Dead Rhetoric: It can be frustrating for me to look at, because if you spend so much time hating things, you could take that and put it in another direction…
Schmier: Exactly. It’s the metal community, it’s like the underground we should be supporting each other instead of killing each other with words. It’s a new trend at the moment, and nothing you can do about it but I chose to write a song about it. I knew the haters would hate it of course.
Dead Rhetoric: Tell us a bit more about the cover art from Hungarian artist Gyula – as there seems to be a lot of deeper symbolism with the missiles and aircraft surrounding the fire and explosions?
Schmier: I had this idea of the Destruction skull as an exploding Earth, or an exploding planet. Now, the way the world goes at the moment, maybe it wasn’t the best idea- but I just can’t put flowers on the cover to distract people. The world is going to hell at the moment, and using the symbolism is a way that fits perfect in the lyrics. The show must go on, if you stop doing things than the other people will win. It’s important for us to still go on and open our mouths.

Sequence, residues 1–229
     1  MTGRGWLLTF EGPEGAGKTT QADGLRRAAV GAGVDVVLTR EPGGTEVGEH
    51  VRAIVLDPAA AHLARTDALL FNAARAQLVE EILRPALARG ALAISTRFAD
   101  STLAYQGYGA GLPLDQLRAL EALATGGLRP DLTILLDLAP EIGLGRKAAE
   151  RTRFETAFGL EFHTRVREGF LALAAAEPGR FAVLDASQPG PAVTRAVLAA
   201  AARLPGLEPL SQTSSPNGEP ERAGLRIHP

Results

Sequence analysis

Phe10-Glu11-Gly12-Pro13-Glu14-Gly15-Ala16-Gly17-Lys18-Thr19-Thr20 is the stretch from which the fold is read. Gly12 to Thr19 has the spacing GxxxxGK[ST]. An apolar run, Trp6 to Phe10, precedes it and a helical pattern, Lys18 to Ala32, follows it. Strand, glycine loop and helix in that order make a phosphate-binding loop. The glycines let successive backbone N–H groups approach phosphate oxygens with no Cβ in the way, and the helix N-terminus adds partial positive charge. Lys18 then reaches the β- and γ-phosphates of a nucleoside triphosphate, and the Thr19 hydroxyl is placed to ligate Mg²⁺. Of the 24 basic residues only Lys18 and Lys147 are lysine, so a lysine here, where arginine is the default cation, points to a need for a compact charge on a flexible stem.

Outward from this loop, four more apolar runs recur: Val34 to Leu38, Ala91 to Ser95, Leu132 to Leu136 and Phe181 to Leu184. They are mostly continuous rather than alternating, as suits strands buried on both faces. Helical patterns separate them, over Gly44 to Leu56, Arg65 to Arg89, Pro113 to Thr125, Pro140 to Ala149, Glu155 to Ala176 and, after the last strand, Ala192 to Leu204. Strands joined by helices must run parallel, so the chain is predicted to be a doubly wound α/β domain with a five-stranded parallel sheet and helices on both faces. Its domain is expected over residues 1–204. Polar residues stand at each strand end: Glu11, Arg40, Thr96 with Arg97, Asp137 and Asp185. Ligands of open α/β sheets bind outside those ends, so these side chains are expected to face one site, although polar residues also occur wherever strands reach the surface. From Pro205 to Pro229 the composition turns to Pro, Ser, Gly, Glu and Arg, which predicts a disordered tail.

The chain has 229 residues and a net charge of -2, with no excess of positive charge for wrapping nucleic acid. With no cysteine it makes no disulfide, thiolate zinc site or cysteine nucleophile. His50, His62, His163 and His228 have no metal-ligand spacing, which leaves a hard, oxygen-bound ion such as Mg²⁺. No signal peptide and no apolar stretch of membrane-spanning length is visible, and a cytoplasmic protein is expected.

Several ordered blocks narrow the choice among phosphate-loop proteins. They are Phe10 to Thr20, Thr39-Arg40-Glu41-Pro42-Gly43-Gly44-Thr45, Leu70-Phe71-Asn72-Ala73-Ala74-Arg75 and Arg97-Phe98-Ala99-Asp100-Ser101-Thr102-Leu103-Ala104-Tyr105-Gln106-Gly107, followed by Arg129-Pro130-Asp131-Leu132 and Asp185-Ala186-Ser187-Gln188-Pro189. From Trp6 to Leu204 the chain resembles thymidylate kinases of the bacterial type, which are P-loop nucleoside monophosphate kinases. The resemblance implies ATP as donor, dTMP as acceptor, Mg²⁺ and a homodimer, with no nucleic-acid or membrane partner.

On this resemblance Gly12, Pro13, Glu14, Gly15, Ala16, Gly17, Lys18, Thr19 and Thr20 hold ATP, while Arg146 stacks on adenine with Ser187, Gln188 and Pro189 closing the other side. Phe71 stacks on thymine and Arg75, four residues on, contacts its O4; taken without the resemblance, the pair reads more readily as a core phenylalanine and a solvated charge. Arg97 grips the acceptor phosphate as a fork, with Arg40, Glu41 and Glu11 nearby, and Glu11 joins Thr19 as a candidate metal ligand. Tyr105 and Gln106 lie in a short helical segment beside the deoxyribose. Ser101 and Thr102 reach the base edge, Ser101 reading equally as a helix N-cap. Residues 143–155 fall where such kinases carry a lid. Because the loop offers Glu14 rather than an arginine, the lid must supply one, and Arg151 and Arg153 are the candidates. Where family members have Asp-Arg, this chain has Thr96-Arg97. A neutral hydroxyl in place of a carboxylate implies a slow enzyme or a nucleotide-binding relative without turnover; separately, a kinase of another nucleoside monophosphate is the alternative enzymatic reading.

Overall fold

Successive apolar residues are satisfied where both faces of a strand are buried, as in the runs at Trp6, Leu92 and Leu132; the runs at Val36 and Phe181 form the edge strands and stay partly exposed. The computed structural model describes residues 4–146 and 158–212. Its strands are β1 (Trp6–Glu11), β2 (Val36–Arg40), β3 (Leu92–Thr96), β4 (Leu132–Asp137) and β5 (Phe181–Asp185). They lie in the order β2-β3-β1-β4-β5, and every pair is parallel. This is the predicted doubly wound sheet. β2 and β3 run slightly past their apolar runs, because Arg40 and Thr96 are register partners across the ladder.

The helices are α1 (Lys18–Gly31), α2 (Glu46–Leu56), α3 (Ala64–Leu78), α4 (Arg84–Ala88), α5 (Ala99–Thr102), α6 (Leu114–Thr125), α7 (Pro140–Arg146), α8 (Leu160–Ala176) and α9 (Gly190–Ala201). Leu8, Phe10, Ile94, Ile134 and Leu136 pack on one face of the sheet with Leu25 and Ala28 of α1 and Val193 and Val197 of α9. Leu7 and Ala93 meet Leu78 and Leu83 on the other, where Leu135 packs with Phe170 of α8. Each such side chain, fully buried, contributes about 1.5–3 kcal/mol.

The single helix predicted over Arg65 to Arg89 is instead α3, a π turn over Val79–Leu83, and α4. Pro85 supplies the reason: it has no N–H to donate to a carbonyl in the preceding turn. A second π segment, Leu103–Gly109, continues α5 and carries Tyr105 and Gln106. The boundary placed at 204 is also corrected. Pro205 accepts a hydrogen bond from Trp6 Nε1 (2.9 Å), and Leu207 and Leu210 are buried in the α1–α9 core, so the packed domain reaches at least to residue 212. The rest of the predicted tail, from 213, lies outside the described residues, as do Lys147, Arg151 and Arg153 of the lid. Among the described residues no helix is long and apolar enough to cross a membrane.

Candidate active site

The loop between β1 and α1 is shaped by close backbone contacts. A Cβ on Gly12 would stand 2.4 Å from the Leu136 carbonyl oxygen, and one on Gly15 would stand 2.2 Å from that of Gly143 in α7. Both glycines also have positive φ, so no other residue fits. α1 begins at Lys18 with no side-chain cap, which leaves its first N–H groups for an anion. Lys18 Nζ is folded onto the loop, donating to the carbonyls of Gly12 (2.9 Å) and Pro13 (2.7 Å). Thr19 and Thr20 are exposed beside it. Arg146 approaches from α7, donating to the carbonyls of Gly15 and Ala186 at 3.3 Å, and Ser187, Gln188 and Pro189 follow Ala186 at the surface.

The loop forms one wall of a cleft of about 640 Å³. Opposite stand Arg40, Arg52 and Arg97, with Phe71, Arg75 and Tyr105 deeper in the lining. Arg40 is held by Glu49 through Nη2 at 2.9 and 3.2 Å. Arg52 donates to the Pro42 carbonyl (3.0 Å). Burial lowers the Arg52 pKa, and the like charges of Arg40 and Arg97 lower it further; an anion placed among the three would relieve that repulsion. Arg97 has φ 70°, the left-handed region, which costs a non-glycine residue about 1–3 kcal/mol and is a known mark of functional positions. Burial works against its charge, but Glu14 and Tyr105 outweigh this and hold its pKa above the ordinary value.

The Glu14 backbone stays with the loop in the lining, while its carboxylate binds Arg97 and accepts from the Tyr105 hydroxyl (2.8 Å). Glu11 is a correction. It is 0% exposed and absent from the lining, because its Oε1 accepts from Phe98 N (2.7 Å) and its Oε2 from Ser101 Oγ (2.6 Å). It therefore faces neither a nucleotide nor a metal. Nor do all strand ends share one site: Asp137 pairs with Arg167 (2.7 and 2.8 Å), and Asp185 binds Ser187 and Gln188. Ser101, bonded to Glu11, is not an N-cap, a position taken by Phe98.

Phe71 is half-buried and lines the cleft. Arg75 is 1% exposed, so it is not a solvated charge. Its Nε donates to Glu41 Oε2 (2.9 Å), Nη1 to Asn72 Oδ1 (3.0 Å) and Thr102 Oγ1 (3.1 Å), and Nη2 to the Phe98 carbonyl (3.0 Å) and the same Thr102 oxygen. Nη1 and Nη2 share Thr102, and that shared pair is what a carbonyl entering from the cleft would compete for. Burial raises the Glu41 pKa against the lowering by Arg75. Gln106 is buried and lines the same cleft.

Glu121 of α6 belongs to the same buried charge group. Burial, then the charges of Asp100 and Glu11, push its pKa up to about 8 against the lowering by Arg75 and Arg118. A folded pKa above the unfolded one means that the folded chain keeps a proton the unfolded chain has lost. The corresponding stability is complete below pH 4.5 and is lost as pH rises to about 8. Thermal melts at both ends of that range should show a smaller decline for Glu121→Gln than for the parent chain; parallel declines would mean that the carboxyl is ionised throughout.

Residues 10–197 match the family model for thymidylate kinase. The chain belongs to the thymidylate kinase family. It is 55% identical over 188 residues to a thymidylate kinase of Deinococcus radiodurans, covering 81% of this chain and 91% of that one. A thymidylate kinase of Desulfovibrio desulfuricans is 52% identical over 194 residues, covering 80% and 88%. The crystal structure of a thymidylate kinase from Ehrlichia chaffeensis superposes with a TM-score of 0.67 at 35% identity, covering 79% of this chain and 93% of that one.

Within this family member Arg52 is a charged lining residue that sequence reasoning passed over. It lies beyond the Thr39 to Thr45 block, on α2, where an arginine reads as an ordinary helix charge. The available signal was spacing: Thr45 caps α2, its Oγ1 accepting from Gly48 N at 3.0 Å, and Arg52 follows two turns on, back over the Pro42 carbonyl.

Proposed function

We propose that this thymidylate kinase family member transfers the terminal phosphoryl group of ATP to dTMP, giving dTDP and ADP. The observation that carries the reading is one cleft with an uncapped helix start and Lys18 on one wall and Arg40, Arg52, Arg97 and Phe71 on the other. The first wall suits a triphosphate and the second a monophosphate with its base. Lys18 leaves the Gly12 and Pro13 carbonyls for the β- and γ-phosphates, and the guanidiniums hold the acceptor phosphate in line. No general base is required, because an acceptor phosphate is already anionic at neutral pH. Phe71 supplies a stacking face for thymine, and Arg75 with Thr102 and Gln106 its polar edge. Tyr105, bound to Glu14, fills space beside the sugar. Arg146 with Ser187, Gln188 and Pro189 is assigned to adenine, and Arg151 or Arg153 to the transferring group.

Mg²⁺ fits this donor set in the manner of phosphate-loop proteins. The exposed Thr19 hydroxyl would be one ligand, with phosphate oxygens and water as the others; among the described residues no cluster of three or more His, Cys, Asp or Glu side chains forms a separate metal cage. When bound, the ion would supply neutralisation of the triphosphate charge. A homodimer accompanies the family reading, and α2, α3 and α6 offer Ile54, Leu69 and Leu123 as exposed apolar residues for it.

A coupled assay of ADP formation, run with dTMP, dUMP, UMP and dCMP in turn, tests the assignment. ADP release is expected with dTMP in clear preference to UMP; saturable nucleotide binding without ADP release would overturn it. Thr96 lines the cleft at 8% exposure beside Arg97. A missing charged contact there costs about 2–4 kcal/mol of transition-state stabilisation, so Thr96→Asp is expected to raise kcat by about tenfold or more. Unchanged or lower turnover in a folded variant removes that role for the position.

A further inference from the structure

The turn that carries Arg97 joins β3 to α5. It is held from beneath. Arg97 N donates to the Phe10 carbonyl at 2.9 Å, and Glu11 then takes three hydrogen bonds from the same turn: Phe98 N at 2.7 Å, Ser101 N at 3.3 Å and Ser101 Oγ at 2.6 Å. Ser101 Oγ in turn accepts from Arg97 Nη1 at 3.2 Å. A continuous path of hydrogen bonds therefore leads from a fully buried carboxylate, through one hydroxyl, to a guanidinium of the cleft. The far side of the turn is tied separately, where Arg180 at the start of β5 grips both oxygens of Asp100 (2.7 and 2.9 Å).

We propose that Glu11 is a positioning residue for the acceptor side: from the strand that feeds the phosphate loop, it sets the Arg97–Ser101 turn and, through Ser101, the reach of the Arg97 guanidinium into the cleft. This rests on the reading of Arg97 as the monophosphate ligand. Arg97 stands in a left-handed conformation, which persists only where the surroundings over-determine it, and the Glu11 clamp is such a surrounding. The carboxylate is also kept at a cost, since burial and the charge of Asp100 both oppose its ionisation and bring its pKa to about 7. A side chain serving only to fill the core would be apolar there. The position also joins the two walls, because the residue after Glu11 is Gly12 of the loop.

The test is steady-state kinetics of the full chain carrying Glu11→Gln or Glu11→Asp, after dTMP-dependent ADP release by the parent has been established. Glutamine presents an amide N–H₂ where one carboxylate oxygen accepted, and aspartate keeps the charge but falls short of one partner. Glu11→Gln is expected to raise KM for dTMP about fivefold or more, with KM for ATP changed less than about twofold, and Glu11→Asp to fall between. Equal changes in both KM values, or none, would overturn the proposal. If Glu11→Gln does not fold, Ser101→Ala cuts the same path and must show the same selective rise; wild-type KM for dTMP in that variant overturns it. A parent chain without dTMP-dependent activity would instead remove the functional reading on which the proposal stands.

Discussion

Dead Rhetoric: What convinced you most to sign with SPV back in the day – as I’d imagine that there was also interest from German label Noise at the time? And how do you feel about being on one of the biggest labels for metal today in Nuclear Blast for so long?
Schmier: SPV was just starting, us and Sodom were like some of the first releases that came out. We had some other offers, but SPV seemed the most interesting to us at the time. They liked the outfit of the band, the way we put the music together with the look, that was something that impressed us because they were looking deeper into the band and not just at the music. For us that was a good time to sign, they worked good for us. In the long run, we signed a very bad contract. If I look back now, I would do some stuff differently with the knowledge I have now. Of course, a lot of bands have been through that.
With Nuclear Blast, this is the best thing that has ever happened to Destruction. We’ve been with Nuclear Blast in the beginning of the 2000’s, we switched labels for a few years and we’ve been back with Nuclear Blast for four years. I don’t want to go to another label ever again, they work best for me because they understand what we do, the boss is a cool guy. It’s a real metal label, it’s not just people sitting in an office and selling your stuff. They have the spirit of the music and that makes a big difference I think.